The murder of Sarah Payne (13 October 1991 – 1 July 2000) occurred in July 2000. The victim was Sarah Evelyn Isobel Payne, who was murdered by car mechanic Roy William Whiting. The subsequent investigation became a high profile murder case in the United Kingdom. Following his conviction, Whiting was imprisoned and is currently being held in the maximum security Wakefield Prison, West Yorkshire.
Born in Horsham, West Sussex, England, Roy Whiting was the second of three children born to George and Pamela Whiting, who divorced during the 1970s. He had an older brother, Peter, and a younger sister, Gillian.
Whiting attended Ifield Community College and left in 1975 with no academic qualifications and over the next few years found himself employed in several different jobs, including doing deliveries for the local Co-operative store and working as a car mechanic and paintsprayer at a local garage. In June 1986 he married Linda Booker in Ifield, West Sussex, who became pregnant the same year. They separated in April 1987, just before the birth of their son, divorcing in 1990.
Whiting was also involved in banger racing during the late 1980s, but abandoned his interest in the sport due to a lack of success.
Three months later, Whiting admitted charges of abduction and indecent assault, and was sentenced to four years in prison. The maximum sentence would have been a life sentence for the crime, however, his sentence was reduced because he had admitted to the crime. A psychiatrist who assessed Whiting after his conviction said that he was likely to re-offend once he was released.
Whiting was released from prison in November 1997, having served 2 years and 5 months of his 4-year sentence, and was one of the first people in Britain to go on the sex offenders' register. He had been forced to serve an extra five months in prison before being released on licence as penalty for refusing to undergo a sex offenders rehabilitation course.
Whiting, knowing that he would not be welcome back in Crawley, moved some 25 miles (40 km) away to Littlehampton on the West Sussex coast, where he rented a flat on St. Augustine's Road. In late 1999, he moved into another flat on the same road, one of six flats in a 19th century seafront building.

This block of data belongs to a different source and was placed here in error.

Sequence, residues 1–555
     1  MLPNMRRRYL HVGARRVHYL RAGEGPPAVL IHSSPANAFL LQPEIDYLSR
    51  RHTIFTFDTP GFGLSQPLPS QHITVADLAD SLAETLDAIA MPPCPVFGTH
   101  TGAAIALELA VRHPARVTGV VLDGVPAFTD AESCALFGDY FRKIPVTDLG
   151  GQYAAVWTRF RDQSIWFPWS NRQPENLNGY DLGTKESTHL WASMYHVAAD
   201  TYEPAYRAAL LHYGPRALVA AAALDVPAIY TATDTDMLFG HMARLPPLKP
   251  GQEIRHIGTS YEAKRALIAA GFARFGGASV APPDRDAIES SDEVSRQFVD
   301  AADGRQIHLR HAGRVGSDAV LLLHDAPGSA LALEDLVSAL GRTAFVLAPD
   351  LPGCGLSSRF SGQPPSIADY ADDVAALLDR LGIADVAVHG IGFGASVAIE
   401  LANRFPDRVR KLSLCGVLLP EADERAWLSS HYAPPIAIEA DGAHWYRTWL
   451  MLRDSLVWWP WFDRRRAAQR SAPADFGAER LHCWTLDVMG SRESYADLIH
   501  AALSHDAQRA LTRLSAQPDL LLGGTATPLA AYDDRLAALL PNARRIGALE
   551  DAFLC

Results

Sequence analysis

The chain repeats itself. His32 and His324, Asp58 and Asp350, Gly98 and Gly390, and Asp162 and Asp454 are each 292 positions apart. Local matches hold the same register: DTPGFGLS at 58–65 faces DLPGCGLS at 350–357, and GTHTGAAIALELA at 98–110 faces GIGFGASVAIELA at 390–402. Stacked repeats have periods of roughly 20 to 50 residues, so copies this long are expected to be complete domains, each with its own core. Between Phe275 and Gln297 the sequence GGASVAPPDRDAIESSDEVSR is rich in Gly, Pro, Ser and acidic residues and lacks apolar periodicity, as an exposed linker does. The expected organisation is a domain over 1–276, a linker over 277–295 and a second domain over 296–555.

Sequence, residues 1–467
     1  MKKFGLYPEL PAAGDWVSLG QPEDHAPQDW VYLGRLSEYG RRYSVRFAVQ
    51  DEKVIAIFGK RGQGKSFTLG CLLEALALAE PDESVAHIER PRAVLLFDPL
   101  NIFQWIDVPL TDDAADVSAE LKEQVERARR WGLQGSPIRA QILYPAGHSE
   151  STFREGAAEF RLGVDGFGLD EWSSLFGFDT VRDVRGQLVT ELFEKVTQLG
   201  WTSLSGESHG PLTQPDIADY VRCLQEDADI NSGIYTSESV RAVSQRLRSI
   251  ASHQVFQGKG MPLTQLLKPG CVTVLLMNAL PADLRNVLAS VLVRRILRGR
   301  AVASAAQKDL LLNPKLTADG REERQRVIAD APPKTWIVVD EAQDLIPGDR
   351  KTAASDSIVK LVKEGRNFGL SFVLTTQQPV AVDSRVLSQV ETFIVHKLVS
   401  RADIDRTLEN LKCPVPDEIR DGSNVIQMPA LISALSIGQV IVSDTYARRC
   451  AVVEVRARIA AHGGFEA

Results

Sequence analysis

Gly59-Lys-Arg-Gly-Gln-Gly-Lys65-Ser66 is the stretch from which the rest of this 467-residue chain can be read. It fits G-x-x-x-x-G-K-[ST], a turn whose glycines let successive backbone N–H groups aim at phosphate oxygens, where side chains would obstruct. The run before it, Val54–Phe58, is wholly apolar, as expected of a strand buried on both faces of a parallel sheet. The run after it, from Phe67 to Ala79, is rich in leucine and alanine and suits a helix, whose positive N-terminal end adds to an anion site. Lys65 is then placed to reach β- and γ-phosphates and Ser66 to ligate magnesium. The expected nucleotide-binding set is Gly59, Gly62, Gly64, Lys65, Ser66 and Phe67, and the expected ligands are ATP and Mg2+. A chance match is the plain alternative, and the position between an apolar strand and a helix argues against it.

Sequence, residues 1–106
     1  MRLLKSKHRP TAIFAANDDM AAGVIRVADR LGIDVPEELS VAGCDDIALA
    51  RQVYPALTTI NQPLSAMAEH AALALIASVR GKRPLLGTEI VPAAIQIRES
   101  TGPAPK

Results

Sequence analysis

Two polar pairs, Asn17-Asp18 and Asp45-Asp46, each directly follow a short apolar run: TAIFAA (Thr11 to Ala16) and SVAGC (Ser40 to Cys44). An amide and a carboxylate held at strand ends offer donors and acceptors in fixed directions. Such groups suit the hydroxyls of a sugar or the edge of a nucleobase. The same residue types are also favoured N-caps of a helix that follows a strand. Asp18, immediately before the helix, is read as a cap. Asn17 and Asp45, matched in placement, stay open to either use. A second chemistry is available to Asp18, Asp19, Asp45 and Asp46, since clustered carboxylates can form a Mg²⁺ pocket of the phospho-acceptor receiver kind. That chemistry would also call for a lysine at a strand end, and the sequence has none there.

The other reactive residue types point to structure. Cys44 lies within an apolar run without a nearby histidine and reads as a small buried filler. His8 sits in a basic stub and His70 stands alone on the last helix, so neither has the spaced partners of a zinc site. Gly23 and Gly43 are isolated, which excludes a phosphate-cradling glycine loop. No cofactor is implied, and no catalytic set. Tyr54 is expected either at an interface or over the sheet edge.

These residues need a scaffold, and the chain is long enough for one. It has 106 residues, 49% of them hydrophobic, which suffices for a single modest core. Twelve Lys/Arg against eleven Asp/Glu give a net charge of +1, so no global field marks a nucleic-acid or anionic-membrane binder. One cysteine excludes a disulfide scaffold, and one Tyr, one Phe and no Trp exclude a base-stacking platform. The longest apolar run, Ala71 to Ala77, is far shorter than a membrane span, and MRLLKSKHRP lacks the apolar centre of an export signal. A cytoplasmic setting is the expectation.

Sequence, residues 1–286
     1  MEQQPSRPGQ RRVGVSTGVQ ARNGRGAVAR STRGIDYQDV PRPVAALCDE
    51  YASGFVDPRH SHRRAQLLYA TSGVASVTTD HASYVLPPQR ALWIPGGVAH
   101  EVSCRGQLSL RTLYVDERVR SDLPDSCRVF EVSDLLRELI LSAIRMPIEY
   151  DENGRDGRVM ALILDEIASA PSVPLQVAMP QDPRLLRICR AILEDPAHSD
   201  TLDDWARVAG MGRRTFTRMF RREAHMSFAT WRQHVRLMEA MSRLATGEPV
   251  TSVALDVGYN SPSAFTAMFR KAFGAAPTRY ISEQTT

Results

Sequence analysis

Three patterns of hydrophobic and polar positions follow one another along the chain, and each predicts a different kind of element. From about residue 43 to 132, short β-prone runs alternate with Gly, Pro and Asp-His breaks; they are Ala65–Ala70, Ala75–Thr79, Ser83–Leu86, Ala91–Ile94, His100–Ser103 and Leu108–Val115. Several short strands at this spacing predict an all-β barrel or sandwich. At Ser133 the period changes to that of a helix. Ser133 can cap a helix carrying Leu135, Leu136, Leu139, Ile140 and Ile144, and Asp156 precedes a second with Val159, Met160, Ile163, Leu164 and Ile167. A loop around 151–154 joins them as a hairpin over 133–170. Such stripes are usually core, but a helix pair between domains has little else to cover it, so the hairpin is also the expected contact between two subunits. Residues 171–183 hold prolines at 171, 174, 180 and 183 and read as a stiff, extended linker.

On 17 July, a girl's body was found in a field near Pulborough, some 15 miles (24 km) from the village of Kingston Gorse (near Littlehampton) where Sarah had disappeared. The following day, forensic science tests confirmed that the body was Sarah's, and the Sussex Police began a murder investigation.
When Whiting was released on bail, he went to live with his father in Crawley while his flat on Saint Augustine's Road was being searched by forensic scientists. No evidence was found in Whiting's flat to suggest that Sarah had been there.
Whiting was subsequently re-arrested on 31 July 2000. Despite Sarah's body being discovered just 3 miles (5 km) from the service station where Whiting had bought fuel on the night of the disappearance, and Whiting's failure to confirm his alibi, there was still not enough evidence to press charges and Whiting was released on bail once again.
A few days following his second arrest, Whiting moved out of his father's house after a vigilante mob smashed the windows with bricks, and went to live in a tent in woodland behind a housing estate in Crawley. Whiting's father moved out of the house afterwards, fearing for his own safety.
On 21 July 2000, he took to the road in a stolen Vauxhall Nova car and was pursued by police at speeds of up to 70mph before he crashed into a parked vehicle and was arrested on dangerous driving charges. He was remanded in custody until 27 September 2000, when he admitted taking the car and driving dangerously. He was jailed for 22 months.